The limestone springhouse covers a flowing spring. Located about equidistant from the First Hermitage and Hermitage Mansion, the spring supplied the Jackson’s with water and kept food cool. Exterior viewing only.
This 3/4 mile loop trail takes visitors past two flowing springs, the cotton gin field, and the Field Quarter archaeological site, the location of four brick duplex slave dwellings which housed about 80 people.
Log Farm House
The Jackson family lived in a two-story log farmhouse when General Jackson led the victorious American troops at the Battle of New Orleans in 1815. Late the farmhouse and nearby kitchen were reconfigured to house some of the enslaved workers.
Alfred's cabin was the home of Alfred Jackson, an enslaved and later free man who lived at The Hermitage all of his life until he died in 1901. The cabin is the only slave dwelling still standing in the mansion backyard.
A small plot of cotton shows visitors Andrew Jackson's cash crop. The cotton grows slowly over the summer until bolls form in the early fall. As the weather cools, the bolls burst open revealing the cotton fiber within.
Pick up your free audio tour of the Hermitage grounds and outbuildings and watch the Hermitage introductory film in the Andrew Jackson Visitor Center.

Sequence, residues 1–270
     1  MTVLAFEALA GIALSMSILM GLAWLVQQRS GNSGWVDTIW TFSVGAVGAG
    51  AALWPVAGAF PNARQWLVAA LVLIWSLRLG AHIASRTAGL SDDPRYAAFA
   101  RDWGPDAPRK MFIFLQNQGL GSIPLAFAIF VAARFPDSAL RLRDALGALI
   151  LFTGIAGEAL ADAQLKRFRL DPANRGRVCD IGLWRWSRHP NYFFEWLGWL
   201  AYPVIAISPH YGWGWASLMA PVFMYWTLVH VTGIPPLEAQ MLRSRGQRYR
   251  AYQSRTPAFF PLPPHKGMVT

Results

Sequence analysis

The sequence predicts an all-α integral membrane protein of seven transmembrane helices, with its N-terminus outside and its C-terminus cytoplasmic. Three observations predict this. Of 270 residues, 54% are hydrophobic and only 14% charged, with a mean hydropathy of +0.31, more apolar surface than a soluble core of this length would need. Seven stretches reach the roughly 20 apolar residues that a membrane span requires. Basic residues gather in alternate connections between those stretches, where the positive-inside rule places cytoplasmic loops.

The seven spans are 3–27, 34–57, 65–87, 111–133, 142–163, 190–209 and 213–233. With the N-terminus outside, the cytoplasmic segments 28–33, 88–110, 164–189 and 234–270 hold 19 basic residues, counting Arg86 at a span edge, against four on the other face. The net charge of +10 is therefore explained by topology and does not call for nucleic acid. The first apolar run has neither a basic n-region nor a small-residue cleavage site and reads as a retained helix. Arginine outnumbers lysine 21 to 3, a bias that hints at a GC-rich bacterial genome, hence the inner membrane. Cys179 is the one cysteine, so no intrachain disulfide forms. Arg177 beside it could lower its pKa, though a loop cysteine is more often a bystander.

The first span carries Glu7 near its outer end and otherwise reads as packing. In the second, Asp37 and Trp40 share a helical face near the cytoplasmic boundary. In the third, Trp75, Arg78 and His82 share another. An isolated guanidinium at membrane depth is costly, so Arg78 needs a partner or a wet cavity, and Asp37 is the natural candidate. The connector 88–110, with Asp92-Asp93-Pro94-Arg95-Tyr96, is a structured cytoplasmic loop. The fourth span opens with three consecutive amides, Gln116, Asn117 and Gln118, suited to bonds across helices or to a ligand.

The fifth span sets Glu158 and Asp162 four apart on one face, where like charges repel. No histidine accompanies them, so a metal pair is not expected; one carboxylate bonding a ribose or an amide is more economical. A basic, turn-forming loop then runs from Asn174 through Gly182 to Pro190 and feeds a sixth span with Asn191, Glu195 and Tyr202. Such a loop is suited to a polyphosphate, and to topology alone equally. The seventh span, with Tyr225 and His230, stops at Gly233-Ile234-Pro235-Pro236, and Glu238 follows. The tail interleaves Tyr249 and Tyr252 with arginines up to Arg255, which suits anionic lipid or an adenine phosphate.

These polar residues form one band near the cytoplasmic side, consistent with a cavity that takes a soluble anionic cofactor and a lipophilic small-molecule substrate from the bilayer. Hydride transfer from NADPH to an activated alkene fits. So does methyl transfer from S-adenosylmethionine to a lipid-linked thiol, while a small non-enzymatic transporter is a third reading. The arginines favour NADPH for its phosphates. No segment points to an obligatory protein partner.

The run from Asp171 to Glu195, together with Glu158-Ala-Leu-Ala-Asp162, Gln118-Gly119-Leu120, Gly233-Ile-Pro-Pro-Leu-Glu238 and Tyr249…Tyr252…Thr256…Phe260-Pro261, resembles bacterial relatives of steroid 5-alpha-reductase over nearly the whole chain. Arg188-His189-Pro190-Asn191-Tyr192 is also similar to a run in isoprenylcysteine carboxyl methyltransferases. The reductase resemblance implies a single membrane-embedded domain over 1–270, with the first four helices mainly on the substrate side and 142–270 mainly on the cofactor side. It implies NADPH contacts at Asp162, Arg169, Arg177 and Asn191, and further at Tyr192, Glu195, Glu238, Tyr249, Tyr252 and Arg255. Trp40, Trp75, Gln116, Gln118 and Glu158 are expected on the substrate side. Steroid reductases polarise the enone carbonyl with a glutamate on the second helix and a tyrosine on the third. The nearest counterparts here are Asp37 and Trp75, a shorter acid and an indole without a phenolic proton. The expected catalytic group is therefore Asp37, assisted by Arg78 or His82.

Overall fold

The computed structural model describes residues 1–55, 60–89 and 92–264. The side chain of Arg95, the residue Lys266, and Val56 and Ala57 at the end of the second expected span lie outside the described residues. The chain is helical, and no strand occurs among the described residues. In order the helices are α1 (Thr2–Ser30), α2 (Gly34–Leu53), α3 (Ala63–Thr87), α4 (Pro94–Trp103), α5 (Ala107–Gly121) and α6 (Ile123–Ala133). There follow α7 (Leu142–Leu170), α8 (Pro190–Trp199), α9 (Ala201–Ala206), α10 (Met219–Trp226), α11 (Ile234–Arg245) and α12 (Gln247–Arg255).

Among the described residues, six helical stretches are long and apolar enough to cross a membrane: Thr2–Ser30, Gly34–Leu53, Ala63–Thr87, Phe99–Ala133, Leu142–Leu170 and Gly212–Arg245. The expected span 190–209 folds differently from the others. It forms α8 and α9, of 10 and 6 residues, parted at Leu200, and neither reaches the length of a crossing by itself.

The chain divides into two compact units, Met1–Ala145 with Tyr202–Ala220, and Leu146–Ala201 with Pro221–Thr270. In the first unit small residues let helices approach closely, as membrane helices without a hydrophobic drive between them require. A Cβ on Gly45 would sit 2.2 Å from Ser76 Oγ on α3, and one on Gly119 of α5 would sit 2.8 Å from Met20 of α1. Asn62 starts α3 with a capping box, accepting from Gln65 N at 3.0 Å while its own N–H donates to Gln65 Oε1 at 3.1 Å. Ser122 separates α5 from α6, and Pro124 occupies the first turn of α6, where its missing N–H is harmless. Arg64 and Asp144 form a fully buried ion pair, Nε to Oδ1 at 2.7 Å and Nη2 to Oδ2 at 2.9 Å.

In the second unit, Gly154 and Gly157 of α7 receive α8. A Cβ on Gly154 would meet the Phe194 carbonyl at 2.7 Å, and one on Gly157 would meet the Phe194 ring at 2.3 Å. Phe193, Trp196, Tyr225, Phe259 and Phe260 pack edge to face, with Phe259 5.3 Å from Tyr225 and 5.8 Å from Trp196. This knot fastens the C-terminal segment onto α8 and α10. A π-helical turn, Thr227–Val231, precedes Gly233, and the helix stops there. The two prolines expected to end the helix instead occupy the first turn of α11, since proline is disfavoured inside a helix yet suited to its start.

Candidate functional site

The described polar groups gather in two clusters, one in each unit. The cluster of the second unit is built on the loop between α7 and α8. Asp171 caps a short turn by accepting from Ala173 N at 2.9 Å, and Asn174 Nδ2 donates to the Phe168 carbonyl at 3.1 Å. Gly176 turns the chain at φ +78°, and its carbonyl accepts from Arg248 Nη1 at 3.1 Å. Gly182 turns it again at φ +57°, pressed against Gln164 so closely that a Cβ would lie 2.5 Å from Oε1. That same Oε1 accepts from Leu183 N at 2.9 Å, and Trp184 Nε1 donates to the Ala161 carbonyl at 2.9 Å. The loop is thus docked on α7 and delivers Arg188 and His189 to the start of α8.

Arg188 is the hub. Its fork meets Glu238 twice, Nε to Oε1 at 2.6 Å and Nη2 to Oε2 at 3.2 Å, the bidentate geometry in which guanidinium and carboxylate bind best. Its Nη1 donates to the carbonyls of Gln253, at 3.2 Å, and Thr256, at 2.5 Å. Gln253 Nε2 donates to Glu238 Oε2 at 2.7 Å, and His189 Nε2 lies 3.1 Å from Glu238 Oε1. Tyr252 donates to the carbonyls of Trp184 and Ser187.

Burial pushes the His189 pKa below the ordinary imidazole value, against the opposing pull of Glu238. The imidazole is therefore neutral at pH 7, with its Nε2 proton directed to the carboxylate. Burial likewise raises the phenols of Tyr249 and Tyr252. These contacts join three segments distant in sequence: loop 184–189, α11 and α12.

Visit our museum to learn more about "The Hermitage: Frontier Farm to American Landmark." Here you can examine Jackson possessions up close and see some of our remarkable archaeological finds.
Tour the Hermitage mansion with our costumed interpreters to learn about America’s pivotal Jacksonian Era and the Jackson family. Nearly all of the furnishings are the Jackson family's original possessions.
Visit our unique Museum Store for that special gift, memento, or book. The store also sells snack items, souvenirs, and fun T-shirts.
Andrew & Rachel's Tomb
Andrew and Rachel Jackson's tomb, a Greek Revival temple-like structure, sits in the corner of the garden, a location Jackson selected because of Rachel's love of flowers. A family burial ground and the grave of a former slave, Alfred Jackson, are nearby.
Tulip Grove, the 1836 home of Jackson's ward and private secretary Andrew Jackson Donelson, is one of the finest Greek Revival buildings in Tennessee.
The one-acre formal garden is planted with roses, irises, peonies, crepe myrtles, and other annuals and perennials available in the first half of the nineteenth century.
In 1823, Andrew Jackson donated the land, part of the funds, and the labor of his slaves to build this simple church. The Donelson Family Cemetery is located nearby. Exterior Viewing Only
Tennessee Confederate Soldiers' Cemetery
In 1890, the State of Tennessee established a home for indigent and infirm Confederate Veterans on the Hermitage farm. Over 500 of those veterans are buried at the Tennessee Confederate Soldiers' Home Cemetery located near the Hermitage Church.
Enslaved Memorial, Our Peace
The Enslaved Memorial, Our Peace: Follow the Drinking Gourd, is located near the Hermitage Church and marks the final resting place of 60 enslaved individuals from a nearby plantation. Our Peace provides a place for everyone to reflect upon the continuing legacy of slavery.
Please contact our education department at (615) 889-2941 ext 242 for program information.